Yesterday night, when I was looking through one of my previous blogs for an entry I had written on an accidental Swiss invasion, I found a blog entry that I wrote almost a decade ago in part of my ongoing series on memes  that dealt with duck hunting . It must be freely admitted that I have never been hunting before. I have among my circle of friends and acquaintances a wide variety of people who are successful and avid hunters, some with crossbows, some with black powder rifles, and some with more substantial arms. Admittedly, the thought of getting up early and sitting quiet and still for hours at a time in a blind, camouflaged so that one’s appearance and scent does not scare away game, in the hope that a deer or some other animal will be foolish enough to pause within range, is not the most appealing thought, especially given that the hours of stillness that would be required for even the chance to kill a buck would likely cost at least a book’s worth of reading, which is a far more comfortable and pleasant and productive use of time given my limitations in poor vision and general lack of stillness. Nevertheless, despite my own lack of skill and lack of practice in hunting, I find the different memes relating to hunting of great interest, and hope that I may be considered a reasonably fair judge of the debating pictures about hunting that exist.
When it comes to hunting memes, there are very stark differences in the contents of those memes based on whether someone is for or against hunting, and many of the arguments made seem to talk past each other. Most pro-hunting memes, for example, make an appeal to hunting as a sign of masculinity by seeking to unman those who do not engage in the practice, or claim the superiority of hunters to those who take selfies with duck faces, or who do vegetarians a favor by killing those who eat their fruits and vegetables, namely deer, or use their hunting skills as a way to acquire groceries. Most of these memes come with a sense of humor, including the occasional taunting of deer when it is out of season or when someone has missed, or where a deer is portrayed as driving around with a person on the deer rack on top of the vehicle. Anti-hunting memes, on the other hand, tend to be a great deal more earnest and critical and focus their ire on trophy hunting, while most pro-hunting memes deal with the hunting of animals that can actually be consumed as meat, like deer and ducks. Anti-hunting memes focus on the brutality of big game hunters and the lack of legitimacy of hunting often endangered and noble animals wastefully, pointing out their friendliness with giraffes, to give but one example.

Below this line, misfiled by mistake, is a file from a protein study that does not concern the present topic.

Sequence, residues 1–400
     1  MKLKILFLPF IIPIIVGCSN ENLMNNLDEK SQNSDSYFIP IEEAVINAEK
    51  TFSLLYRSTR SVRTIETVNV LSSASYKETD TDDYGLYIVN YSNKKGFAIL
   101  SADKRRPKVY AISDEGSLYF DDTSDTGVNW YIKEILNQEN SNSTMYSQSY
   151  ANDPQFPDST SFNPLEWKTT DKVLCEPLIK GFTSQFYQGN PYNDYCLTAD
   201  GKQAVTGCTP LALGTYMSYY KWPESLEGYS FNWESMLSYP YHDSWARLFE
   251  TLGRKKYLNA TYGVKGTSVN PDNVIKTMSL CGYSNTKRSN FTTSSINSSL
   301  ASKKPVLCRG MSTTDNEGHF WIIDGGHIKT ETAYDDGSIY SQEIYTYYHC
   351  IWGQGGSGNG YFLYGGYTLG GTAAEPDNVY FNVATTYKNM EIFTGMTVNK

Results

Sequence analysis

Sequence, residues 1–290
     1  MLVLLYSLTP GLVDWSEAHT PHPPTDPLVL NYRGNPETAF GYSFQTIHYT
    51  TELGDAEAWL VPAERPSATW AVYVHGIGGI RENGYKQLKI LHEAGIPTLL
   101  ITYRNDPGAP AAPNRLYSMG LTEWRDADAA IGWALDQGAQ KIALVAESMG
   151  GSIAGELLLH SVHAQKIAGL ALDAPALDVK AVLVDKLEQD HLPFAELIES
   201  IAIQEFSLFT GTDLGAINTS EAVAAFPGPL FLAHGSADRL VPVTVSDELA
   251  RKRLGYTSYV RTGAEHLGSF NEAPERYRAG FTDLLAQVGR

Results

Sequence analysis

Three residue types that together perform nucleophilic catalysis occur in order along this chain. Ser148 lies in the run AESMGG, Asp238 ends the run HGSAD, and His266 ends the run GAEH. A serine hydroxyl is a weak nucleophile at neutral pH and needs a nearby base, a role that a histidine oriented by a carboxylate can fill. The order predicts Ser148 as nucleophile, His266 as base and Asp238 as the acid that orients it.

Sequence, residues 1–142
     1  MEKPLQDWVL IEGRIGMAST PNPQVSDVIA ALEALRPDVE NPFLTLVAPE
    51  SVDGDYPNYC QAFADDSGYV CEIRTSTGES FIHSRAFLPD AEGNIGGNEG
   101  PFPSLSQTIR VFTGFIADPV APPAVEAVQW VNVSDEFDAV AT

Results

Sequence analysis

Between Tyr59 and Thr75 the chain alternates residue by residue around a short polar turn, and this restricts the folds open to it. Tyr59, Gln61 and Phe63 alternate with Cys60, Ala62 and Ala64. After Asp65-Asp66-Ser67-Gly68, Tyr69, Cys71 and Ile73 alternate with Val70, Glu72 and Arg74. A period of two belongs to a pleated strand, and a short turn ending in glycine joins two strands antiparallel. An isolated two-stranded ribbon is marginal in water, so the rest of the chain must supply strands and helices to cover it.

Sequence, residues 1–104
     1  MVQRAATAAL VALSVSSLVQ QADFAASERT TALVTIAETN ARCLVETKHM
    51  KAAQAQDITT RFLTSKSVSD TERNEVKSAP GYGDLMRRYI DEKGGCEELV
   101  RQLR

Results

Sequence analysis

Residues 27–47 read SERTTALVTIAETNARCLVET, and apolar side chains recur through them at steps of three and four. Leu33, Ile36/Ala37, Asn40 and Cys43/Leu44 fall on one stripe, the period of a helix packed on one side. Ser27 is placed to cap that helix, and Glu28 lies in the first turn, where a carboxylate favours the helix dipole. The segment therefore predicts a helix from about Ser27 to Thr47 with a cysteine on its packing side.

This incidence of people talking past each other is notable problem that has larger implications. Those who are opposed to hunting express their opposition to the most objectionable kinds of hunting, where rare animals are being hunted as trophies to be turned into photos for bragging rights or taxidermist samples, sometimes taking place on illegal hunts by privileged big game hunters who see the killing of other creatures for sport as a way to demonstrate their own strength and prowess and virility. This sort of behavior is indefensible, but is only a small part of what hunting is about. Significantly, those who express their opposition to hunting are silent about the arguments for legitimate hunting—the usefulness of some animals as protein sources, and the worth of culling animals in danger of overpopulation, as part of a balanced system of active herd management. On the contrary, those who support hunting appear to appeal to the feeling of strength and confidence one gets from taking the lives of other creatures as well as the use of those animals for food. Neither side addresses the real concerns of others—the enjoyment of an activity on its own terms, the dubious moral value of feeling stronger and more capable and more “manly” as a result of killing, as well as the importance of hunting as a worthwhile source of food, especially for those in rural contexts.